Summary: The Holy Spirit, truth, worship

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June 27, 2010

John 4:19-26


As we talk about living a life of worship I’ve thought about one of the most under-preached and misunderstood conceptions of God. 99.9% of us here this morning are familiar with John 3:16, “God loved this world so much that he gave His only begotten son that whosoever believeth in Him shall not perish, but have eternal life.”

We have at least an understanding that Christianity believes and teaches that God interrupted history with the birth, life, death and resurrection of His perfect son. This is the Gospel, the foundation on which the church is built. Long ago, 2000+ years ago, God’s plan for salvation came about.

But here’s the part I believe is so under-preached and misunderstood: God is still interacting. God is still involving himself in our lives. The cross and the empty tomb are the foundation for every person’s salvation. But God is still actively seeking people to worship Him. He is still aware of people who are separated from Him, and He works like a heavenly magnet to pull these people to Him. He is still the shepherd seeking the lost sheep, and doing everything He can to save them.

That’s why John 6:44 says, “No one can come to me (Jesus is the speaker) unless the Father who sent me draws Him.” God is the magnet, the one from whom the energy to draw comes. We, all people, are the lifeless chunk of metal being pulled toward the magnet.

Every one of us was created to be in relationship with God the Father, and God the Father is still seeking that relationship of worship. He is still seeking true worshippers.

I. Do Not Ignore the Divine Appointments

Our text starts right in the middle of a conversation between Jesus and a Samaritan woman. Our text involves a discussion about worship. How Jesus worships. How Samaritans worship. Where Jesus worships. Where Samaritans worship. What true worship is and what it ain’t.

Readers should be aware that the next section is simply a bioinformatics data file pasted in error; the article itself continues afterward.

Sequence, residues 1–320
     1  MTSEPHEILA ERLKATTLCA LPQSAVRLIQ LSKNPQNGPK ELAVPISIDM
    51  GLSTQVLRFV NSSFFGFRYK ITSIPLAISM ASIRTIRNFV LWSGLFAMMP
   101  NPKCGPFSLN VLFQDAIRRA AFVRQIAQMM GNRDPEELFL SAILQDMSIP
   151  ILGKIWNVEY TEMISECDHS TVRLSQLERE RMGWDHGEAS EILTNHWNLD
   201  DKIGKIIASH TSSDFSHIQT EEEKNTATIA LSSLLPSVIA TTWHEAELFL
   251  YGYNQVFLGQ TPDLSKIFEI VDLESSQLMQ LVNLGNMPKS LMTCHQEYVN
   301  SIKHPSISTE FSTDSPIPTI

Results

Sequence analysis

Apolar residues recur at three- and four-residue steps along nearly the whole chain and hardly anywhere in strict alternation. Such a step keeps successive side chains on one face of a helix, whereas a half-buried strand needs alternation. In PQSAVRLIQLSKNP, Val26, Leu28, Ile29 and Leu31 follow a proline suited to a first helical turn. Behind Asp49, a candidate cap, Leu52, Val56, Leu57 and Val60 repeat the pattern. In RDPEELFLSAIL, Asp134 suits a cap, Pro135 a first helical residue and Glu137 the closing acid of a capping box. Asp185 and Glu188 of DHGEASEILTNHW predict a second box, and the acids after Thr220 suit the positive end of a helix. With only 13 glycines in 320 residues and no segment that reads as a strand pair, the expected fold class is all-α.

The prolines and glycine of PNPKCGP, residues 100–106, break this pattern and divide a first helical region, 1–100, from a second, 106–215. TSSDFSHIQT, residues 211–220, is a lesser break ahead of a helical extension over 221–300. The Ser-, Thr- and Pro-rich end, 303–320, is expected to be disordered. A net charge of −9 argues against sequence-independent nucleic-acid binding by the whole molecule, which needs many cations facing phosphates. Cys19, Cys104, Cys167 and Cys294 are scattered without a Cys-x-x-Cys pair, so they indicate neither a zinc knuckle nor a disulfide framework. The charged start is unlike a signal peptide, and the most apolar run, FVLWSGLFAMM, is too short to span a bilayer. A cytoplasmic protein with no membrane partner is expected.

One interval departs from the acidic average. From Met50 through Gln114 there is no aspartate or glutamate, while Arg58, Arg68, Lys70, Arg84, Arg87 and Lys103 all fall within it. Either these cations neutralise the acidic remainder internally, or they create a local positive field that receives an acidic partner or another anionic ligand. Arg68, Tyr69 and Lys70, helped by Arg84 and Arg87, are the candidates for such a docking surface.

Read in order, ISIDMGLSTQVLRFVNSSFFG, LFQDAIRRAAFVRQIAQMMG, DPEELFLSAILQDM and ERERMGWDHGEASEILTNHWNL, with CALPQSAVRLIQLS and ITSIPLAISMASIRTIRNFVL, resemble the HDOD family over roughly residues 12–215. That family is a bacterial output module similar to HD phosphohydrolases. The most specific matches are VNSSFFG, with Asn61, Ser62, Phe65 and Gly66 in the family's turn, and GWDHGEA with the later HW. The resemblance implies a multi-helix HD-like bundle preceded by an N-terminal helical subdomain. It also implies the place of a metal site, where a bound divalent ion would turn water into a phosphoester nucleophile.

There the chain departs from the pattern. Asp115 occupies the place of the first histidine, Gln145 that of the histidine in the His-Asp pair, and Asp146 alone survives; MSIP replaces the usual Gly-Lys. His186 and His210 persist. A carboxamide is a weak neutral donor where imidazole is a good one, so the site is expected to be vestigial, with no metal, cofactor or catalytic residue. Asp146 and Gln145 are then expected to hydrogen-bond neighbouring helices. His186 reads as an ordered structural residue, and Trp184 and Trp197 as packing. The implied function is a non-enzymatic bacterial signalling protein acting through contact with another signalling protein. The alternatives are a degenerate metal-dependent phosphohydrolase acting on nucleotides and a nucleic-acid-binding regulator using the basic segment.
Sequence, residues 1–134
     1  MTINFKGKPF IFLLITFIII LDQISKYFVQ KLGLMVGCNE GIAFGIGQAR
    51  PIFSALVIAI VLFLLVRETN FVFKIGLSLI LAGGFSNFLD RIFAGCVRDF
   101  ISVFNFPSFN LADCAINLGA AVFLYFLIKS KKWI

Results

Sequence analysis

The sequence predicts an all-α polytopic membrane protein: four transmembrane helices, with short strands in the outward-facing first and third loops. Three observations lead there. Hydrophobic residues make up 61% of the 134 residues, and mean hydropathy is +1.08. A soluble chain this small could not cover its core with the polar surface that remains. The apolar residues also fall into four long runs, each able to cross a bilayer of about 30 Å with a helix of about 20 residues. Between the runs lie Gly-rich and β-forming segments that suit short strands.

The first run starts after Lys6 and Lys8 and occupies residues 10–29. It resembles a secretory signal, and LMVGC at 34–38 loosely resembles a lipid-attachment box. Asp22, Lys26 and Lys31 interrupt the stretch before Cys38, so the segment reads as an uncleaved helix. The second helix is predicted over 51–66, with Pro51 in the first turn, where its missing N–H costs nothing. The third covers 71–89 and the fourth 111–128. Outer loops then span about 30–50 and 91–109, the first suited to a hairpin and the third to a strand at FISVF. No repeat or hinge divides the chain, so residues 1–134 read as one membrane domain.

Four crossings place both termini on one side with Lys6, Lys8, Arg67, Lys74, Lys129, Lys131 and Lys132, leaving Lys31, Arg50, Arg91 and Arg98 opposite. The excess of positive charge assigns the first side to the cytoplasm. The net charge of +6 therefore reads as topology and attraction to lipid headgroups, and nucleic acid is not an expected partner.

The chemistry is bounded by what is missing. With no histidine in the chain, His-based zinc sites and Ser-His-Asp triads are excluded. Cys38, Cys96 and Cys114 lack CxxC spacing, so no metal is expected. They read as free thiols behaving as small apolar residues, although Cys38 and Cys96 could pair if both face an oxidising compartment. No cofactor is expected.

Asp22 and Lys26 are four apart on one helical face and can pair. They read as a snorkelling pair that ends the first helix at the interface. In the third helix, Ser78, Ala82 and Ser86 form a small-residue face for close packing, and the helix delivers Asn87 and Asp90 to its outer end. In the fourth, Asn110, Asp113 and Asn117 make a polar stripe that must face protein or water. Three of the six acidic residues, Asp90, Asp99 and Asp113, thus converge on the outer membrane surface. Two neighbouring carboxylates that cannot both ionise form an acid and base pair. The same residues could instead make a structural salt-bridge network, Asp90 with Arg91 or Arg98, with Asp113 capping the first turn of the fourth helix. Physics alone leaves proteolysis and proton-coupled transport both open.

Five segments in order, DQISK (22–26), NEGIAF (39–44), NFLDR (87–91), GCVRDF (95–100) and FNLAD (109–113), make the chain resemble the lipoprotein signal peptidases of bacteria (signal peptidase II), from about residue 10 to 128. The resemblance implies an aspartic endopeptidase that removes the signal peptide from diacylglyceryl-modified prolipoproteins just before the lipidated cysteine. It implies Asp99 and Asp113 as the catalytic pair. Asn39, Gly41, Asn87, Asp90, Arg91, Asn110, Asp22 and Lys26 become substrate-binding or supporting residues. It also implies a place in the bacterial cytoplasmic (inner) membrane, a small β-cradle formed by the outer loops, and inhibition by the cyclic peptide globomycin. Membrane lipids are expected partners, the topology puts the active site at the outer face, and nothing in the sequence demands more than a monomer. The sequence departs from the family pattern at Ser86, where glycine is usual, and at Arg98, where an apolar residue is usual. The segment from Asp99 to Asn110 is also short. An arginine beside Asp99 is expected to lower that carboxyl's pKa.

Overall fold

But let me give you just a tiny bit of background. Jews hated Samaritans and Samaritans hated Jews. Jews considered themselves the pure children of God and the Samaritans were half-breeds, part Jewish and part Gentile. This hatred is what makes the story of the good Samaritan so powerful. A person who is supposed to hate gets off his donkey and loves. He was a neighbor, regardless of skin color or race, because he showed mercy.

Right before Jesus has this conversation with the Samaritan woman John the Baptist introduces Jesus to the world. It seems that more people are going across the river to be baptized by Jesus’ disciples than were now coming to John and his disciples for baptism.

Here’s what John the Baptist says: John 3:27-36

The groom’s here! I was just sent to announce his entrance. I was the best man, I attended to the groom. My job was to get things ready for his arrival. The bride belongs to Him. He’s here for his bride. I’ve done my job. I’m joyful because the wedding can begin.

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